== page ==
WHEELING - Individually one was the Wheeling Nailers' first coach, and the other was the team's initial beat writer.
Together, Doug Sauter and retired Wheeling Newspapers Executive Sports Editor Nick Bedway are the second class of the Wheeling Hockey Hall of Fame, and will be inducted before tonight's 7:35 game against the South Carolina Stingrays.
Prior to the team moving from Winston-Salem, N.C., to Wheeling in 1992, Sauter said his only knowledge of the Friendly City was famed country radio station WWVA. But that was OK, because Bedway admits he had little more than a passing interest in the game of hockey to that point.
They turned out to be a perfect match.
''Nick, we had some great times and some great laughs,'' Sauter said Friday night from his Oklahoma City home, where a strong winter storm was threatening to keep him from tonight's ceremony. ''We kind of educated each other.
''He educated me on sports fans of the Ohio Valley and how big high school sports and high school wrestling was.''
Funny, because Bedway felt the same way. In fact, he went so far as to say, that if it weren't for the early success of the team and both Sauter's flamboyance and people skills, hockey in Wheeling might not have survived.
''Doug understood the importance of being part of his community,'' Bedway said. ''He became a pied piper, so to speak, in promoting the Thunderbirds.
''He was seen everywhere from the Soup Kitchen, to schools, hospitals, and paying for as many rounds as he was bought while visiting one of his favorite stomping grounds, the Alpha.''
For a guy who has made sports writing look so easy for 50 years, Bedway wasn't so sure about the idea of covering hockey. In fact, he says it was more than a little intimidating.
''It was very much a challenge that I'm not sure I felt confident about succeeding,'' he said. ''Most people, probably rightfully so, considered me to be a high school sports guy. Bill Van Horne, thankfully, covered many of the games at the start of the season before turning it over to me.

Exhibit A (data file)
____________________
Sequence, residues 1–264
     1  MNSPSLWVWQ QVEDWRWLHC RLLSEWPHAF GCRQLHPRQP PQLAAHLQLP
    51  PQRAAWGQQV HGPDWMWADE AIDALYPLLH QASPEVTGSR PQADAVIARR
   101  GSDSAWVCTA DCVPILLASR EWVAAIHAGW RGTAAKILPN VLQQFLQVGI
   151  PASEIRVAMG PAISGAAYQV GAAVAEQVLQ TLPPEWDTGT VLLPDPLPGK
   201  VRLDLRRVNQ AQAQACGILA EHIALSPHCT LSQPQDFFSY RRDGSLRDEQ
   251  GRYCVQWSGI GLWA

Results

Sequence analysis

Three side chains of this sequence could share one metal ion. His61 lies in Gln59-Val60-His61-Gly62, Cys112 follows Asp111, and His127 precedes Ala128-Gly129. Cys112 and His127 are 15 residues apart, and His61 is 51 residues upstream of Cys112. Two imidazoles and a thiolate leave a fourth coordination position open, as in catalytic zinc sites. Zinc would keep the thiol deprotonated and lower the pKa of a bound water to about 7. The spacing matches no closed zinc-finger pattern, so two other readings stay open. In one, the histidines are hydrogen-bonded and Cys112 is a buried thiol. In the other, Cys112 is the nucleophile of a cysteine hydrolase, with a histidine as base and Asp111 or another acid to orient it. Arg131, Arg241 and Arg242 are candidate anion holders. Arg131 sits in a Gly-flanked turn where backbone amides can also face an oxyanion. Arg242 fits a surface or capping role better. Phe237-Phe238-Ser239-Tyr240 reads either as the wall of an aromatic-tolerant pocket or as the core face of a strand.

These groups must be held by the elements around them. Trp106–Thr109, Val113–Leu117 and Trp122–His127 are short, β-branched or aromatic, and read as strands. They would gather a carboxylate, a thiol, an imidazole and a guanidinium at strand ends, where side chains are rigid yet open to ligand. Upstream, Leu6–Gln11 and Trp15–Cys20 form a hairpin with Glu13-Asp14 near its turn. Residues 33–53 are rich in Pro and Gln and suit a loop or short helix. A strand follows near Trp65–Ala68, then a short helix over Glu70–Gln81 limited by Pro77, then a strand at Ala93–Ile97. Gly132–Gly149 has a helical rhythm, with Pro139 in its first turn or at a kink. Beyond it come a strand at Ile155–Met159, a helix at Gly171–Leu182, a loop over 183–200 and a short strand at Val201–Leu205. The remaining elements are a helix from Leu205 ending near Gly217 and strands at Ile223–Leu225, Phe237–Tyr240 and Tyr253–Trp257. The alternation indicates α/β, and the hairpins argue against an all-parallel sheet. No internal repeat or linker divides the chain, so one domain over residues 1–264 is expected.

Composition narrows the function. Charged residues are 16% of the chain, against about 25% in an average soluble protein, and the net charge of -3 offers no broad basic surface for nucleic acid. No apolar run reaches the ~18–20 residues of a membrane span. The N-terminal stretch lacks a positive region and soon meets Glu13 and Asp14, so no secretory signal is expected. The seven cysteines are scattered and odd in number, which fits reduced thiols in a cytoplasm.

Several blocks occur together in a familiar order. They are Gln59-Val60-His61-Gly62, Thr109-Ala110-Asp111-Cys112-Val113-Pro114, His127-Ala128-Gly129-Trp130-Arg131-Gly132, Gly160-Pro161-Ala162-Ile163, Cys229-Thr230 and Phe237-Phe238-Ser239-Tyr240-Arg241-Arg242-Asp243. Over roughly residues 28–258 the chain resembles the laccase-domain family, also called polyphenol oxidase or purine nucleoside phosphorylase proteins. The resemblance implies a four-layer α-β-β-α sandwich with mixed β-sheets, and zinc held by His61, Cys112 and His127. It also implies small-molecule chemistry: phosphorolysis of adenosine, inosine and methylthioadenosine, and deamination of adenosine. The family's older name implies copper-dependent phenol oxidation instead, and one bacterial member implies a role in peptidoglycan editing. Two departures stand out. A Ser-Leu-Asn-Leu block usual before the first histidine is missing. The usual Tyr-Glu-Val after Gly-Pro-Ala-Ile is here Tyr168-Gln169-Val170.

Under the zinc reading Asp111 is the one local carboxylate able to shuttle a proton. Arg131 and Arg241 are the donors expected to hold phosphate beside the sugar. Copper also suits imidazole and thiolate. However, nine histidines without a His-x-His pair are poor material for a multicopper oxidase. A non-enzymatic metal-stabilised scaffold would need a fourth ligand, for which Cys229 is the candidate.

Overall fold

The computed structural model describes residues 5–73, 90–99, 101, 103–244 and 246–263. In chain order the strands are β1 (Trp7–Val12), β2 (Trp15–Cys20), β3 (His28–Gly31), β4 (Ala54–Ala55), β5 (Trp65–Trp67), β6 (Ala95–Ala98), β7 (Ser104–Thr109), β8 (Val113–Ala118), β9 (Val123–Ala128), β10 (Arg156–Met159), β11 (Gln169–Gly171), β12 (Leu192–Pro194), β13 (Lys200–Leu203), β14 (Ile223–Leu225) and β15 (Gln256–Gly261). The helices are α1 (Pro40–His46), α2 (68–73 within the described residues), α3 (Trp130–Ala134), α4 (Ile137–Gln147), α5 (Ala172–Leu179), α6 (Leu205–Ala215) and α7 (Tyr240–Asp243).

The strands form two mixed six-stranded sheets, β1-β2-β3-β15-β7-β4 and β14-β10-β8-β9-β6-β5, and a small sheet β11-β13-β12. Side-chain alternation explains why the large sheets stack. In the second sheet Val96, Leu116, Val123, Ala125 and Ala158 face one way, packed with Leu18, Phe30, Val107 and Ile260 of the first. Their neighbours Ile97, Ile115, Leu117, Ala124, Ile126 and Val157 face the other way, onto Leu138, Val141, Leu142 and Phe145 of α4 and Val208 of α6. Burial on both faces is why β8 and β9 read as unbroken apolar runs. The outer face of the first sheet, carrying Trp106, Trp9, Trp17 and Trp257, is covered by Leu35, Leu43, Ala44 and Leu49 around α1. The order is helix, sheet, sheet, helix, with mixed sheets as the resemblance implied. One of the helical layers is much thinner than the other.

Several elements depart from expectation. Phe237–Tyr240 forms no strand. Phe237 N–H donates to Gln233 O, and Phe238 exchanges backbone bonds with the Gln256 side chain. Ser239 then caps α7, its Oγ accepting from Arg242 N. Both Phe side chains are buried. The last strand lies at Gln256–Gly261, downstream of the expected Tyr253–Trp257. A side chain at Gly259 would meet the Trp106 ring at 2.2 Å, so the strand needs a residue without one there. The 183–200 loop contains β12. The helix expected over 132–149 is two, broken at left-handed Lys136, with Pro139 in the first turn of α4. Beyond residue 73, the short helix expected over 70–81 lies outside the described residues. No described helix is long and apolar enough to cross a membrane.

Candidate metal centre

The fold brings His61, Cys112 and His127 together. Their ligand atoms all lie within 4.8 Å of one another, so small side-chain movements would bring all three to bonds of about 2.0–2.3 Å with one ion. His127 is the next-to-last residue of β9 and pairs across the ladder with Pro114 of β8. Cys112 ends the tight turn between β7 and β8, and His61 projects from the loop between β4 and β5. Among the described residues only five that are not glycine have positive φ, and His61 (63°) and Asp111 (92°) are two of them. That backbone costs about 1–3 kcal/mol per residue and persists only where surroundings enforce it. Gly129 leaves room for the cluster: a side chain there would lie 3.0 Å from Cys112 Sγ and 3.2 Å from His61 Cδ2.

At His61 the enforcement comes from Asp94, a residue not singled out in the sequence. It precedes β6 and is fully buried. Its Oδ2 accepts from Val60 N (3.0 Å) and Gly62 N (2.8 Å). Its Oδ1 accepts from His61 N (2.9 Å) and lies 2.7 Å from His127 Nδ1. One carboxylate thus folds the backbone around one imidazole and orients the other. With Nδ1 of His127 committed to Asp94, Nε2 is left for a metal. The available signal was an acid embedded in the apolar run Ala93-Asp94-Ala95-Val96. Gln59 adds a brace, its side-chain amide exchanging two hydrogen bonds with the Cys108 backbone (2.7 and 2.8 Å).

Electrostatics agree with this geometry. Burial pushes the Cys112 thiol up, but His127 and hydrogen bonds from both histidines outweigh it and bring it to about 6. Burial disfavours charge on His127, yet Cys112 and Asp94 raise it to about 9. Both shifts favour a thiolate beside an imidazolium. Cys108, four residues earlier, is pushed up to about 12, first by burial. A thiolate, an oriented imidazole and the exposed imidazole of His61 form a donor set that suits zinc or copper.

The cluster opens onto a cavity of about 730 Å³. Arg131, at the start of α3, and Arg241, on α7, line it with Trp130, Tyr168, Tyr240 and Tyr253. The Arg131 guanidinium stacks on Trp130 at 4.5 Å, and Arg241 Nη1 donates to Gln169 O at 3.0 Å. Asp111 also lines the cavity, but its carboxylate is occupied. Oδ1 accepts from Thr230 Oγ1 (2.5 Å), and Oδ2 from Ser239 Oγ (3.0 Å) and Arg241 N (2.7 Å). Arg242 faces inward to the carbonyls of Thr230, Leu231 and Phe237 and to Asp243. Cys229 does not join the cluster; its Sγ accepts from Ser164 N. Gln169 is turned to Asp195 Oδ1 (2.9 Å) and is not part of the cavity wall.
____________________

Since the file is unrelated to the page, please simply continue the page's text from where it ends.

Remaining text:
''I have to thank many of the coaches that worked for the T-Birds and Nailers for being so cooperative. Doug Sauter was especially helpful and answered all my questions respectfully.''
Bedway may not have been comfortable with hockey, but his legions of fans certainly were with him. His in-depth stories and weekly ''Nailers Notebook'' endeared him with fans so much they simply referred to him as ''Nailer Nick.''
''I guess everybody kind of got used to seeing me at the rink,'' Bedway said. ''I enjoyed going to the practices and talking with the fans during those times.
''My byline was on top of nearly every game story or preview for several years.''
One of Bedway's favorite memories was the team's first game.
''I was in the stands and I marveled about the packed house in the arena and jumping up and joining the excited crowd when Tim Roberts scored the first goal for our city's team,'' Bedway said. ''Also, the friendships and cooperation I received from nearly all of the coaches who worked in Wheeling, especially Doug Sauter, Tommy McVie, Peter Laviolette, Pat Bingham and Murray Eaves.
''And having the opportunity to write about the players who went on to make the NHL, and those who came close but didn't make it. Some of my favorites were ''The Captain'' Darren Schwartz, Devin Edgerton, Doug Schmidt, Vadim Slivchenko, Terry Virtue, Jason Jaffray, Stefan Brannare, and Timmy Roberts.''
Sauter's time here may have been brief, but it was certainly memorable. He was the team's coach its first three years in Wheeling, and what a run he enjoyed.
That 1992-93 Thunderbirds team won the regular-season championship and reached the Riley Cup Finals before being beaten in double overtime of Game 7 by the Toledo Storm.
Sauter recalls that game as being one of the most controversial of his career. Trailing heading to the third period and on the way to the dressing room for intermission, Sauter came upon a young fan who was holding a stick.
''I remember thinking one of my guys had given him a pretty nice stick,'' Sauter said.
The stick, he found out, actually belonged to Toledo defenseman Derek Booth. Desperate at that point, Sauter asked to borrow it because the curve appeared to be illegal.
''Called a timeout in the third period, called the team over and told them Booth's stick was illegal,'' Sauter said. ''I asked them 'should we call it,' and Darren Schwartz said '(absolutely) you call it.' ''
The Nailers did in fact tie the game and won to force a deciding game, where Sauter recalled Wheeling's Joel Blain ringing one off the post in the first overtime.
''I'll never forget his name. If that goes in we win a league championship,'' Sauter said. ''That's about as close as you can come.''
But even more so than what happened on the ice, Sauter was most fond of the city. He said it was a great place to raise a family and it had people ''that really stood behind us.''
''The whole community,'' Sauter said. ''A lot of other franchises have come and gone.
''It's a very nice honor. I looked back at my time in the Ohio Valley and in Wheeling as a very special time. My wife and two boys enjoyed it immensely.''
Now, both will be immortalized, together, with banners that will hang in the WesBanco Arena rafters forever.
Shawn Rine can be reached via e-mail at Rine@theintelligencer.net